Kim Ammons worked as a security officer at a public school in Chicago. For a number of years, she was assigned to posts at her school where she could sit on a chair when she was not making rounds or intervening in security-related events.
At some point, the school district implemented a policy requiring that security officers no longer be permitted to be seated while working. The District required that security personnel walk around the premises on a continuous basis to provide a greater presence within the school and to offer greater vigilance and increased response time if incidents occurred.
Walking Through The Issue
Subsequently, Ammons developed plantar fasciitis, an inflammation of the tissue that runs across the bottom of the foot and causes significant discomfort. She therefore asked to be able to sit at a chair and desk for ten minutes of every hour in order to relieve her discomfort. The District denied this accommodation, however, stating that being able to walk on a continuous basis was an essential function of her job. Ammons therefore was placed on medical leave status due to her inability to remain on her feet all day.
Ammons sued under the Americans with Disabilities Act for failure to accommodate her medical condition, claiming that walking on a continuous basis was not an essential function of the job. The District then brought a motion for summary judgement (early dismissal). The judge who ruled on that motion noted that the following factors were relevant in determining what constituted an essential function of a particular job:
(1) the employee’s job description;
(2) the employer’s opinion;
(3) the amount of time spent performing the function;
(4) the consequences for not requiring the individual to perform the duty; and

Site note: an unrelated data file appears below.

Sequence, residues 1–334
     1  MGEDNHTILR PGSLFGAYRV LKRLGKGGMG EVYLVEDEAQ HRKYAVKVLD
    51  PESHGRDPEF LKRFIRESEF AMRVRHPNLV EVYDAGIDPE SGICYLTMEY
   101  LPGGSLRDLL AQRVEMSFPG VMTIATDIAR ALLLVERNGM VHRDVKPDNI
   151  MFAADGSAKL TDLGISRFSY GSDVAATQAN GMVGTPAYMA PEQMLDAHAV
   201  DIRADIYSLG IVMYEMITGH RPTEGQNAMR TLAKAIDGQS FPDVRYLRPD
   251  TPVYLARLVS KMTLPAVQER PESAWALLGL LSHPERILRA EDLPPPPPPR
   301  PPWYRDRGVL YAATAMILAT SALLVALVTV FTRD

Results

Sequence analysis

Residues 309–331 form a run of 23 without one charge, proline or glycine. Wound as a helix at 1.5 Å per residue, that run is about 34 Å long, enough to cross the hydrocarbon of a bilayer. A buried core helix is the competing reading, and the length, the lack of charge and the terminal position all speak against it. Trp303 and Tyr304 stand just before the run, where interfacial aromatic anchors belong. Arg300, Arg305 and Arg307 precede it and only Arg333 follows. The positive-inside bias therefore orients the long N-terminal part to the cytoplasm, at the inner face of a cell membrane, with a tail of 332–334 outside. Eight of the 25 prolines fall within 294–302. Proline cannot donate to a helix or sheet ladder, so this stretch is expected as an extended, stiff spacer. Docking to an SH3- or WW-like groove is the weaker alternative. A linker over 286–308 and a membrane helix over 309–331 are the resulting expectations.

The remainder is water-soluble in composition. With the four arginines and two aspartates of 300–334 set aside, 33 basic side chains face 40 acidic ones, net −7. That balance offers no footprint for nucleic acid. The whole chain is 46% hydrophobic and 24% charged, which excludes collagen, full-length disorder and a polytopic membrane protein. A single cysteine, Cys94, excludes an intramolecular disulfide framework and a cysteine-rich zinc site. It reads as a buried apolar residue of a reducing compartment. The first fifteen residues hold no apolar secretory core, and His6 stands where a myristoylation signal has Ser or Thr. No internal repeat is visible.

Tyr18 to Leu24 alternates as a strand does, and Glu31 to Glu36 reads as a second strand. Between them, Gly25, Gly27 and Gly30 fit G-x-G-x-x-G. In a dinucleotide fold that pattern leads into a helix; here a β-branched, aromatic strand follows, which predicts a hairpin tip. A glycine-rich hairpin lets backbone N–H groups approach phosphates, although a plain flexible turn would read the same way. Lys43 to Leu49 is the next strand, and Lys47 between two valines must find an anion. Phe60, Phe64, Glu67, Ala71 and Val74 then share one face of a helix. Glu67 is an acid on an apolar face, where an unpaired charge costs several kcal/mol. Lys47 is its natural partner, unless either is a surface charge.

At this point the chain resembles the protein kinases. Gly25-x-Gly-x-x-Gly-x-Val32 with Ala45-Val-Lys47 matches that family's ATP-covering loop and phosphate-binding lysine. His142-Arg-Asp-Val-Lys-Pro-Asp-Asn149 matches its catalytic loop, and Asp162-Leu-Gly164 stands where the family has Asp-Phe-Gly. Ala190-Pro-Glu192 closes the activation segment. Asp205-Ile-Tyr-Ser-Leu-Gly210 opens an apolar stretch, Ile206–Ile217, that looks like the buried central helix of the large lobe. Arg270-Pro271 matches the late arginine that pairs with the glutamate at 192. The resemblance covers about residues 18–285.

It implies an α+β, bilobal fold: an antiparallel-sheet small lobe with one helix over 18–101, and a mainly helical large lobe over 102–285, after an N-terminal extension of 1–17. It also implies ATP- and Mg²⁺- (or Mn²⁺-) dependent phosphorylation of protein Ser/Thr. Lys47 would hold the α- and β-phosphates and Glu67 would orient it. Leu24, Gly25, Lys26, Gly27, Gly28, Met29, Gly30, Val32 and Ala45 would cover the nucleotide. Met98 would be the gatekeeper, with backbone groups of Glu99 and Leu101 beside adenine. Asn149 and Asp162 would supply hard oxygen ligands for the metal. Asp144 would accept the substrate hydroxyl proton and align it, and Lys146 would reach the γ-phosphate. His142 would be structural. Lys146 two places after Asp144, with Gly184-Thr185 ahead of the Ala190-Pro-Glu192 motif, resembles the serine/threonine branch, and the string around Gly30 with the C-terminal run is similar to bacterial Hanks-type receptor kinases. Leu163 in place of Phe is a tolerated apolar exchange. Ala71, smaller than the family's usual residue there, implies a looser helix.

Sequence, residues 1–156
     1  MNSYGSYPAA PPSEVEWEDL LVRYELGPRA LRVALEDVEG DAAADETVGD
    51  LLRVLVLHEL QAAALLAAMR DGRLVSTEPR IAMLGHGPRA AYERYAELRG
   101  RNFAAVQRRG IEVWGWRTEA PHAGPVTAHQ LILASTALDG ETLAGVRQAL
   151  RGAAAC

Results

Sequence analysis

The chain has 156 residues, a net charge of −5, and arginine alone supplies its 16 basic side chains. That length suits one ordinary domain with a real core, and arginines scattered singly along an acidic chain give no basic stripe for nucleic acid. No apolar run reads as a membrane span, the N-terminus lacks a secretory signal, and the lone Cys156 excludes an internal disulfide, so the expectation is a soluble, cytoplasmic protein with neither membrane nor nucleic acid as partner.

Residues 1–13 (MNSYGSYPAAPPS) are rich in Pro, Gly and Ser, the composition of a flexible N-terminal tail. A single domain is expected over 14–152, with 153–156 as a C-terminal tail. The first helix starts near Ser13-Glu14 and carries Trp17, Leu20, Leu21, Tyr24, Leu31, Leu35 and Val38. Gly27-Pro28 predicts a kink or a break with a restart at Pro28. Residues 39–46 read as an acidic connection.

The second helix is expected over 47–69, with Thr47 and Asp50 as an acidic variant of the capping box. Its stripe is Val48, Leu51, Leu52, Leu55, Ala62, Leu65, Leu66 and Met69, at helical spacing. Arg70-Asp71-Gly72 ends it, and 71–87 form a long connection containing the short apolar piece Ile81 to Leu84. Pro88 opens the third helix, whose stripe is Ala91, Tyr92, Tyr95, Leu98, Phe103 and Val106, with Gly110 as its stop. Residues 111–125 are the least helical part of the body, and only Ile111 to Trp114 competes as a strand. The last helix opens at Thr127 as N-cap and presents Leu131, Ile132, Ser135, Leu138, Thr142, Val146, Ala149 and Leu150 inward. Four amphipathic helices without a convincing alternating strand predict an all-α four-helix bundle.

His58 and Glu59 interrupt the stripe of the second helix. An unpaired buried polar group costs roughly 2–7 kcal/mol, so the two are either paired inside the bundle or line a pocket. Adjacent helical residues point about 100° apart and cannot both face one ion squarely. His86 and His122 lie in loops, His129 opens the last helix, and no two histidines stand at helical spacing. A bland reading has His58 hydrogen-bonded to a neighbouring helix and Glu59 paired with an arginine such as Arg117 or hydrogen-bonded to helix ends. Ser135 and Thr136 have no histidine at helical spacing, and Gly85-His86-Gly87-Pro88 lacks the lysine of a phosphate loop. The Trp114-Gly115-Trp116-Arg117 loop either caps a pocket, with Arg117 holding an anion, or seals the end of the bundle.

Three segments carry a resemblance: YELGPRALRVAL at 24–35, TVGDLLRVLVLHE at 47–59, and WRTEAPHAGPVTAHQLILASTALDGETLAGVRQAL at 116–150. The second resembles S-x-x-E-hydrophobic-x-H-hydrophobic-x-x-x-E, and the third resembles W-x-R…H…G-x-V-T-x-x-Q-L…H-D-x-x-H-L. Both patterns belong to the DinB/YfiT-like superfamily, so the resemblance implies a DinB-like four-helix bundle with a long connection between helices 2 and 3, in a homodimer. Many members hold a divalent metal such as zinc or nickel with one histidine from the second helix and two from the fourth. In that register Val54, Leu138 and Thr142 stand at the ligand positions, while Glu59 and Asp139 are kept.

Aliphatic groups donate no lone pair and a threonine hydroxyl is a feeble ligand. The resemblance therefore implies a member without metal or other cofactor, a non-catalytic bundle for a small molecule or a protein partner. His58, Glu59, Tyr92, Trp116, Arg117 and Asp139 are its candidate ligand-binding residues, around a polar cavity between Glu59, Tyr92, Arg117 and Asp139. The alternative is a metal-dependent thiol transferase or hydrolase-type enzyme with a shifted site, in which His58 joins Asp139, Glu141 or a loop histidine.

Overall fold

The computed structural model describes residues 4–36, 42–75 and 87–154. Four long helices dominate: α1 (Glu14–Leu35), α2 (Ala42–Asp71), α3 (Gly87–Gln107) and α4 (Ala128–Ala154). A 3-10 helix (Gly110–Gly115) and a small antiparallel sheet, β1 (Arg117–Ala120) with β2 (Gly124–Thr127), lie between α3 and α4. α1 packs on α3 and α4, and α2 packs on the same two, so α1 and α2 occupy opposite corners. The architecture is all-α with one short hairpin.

(5) past and current work experiences.
District’s Explanation Does Not Sit Well With the Judge
The judge found the job description particularly noteworthy since it did not actually identify the amount of walking that was required for the job. While security personnel were expected to walk the premises and deal with issues of safety and security, the document did not support the conclusion that someone who needs to sit for a few minutes each hour could not do the job effectively. In fact, quite the opposite – the job description specifically called for the security officer to maintain “an orderly post” and remain “at the post at all times unless otherwise directed by a supervisor.” The judge concluded that this contemplated that a security officer would indeed be stationary for some period of time, thereby undermining the contention that constantly walking around the school was necessary.
The judge also was dubious of the District’s opinion that “a seated security officer has reduced capacity to respond to security threats.” There was testimony in the record that other security officers had not been disciplined for occasionally sitting while on duty, thereby creating “a factual dispute about whether the administration at the school actually applied the policy to all security officers.”
With additional questions arising out of the other three factors, the judge concluded that the District had not proven that the ability to walk on a continuous basis was an essential function of the job. He therefore denied the motion to dismiss and allowed the case to proceed to trial.
A job description should describe the job – it’s that simple. Therefore, if a task is not included in the job description, or it is included but not identified as essential, the employer is unlikely to be able to persuade anyone that the task is nevertheless an essential function of the job.
Be sure to revisit job descriptions on a regular basis and identify the essential functions of each job. In addition, make sure that those functions are being treated as essential and that employees are actually performing them.
In short, when it comes to job descriptions, be sure to talk the talk AND walk the walk.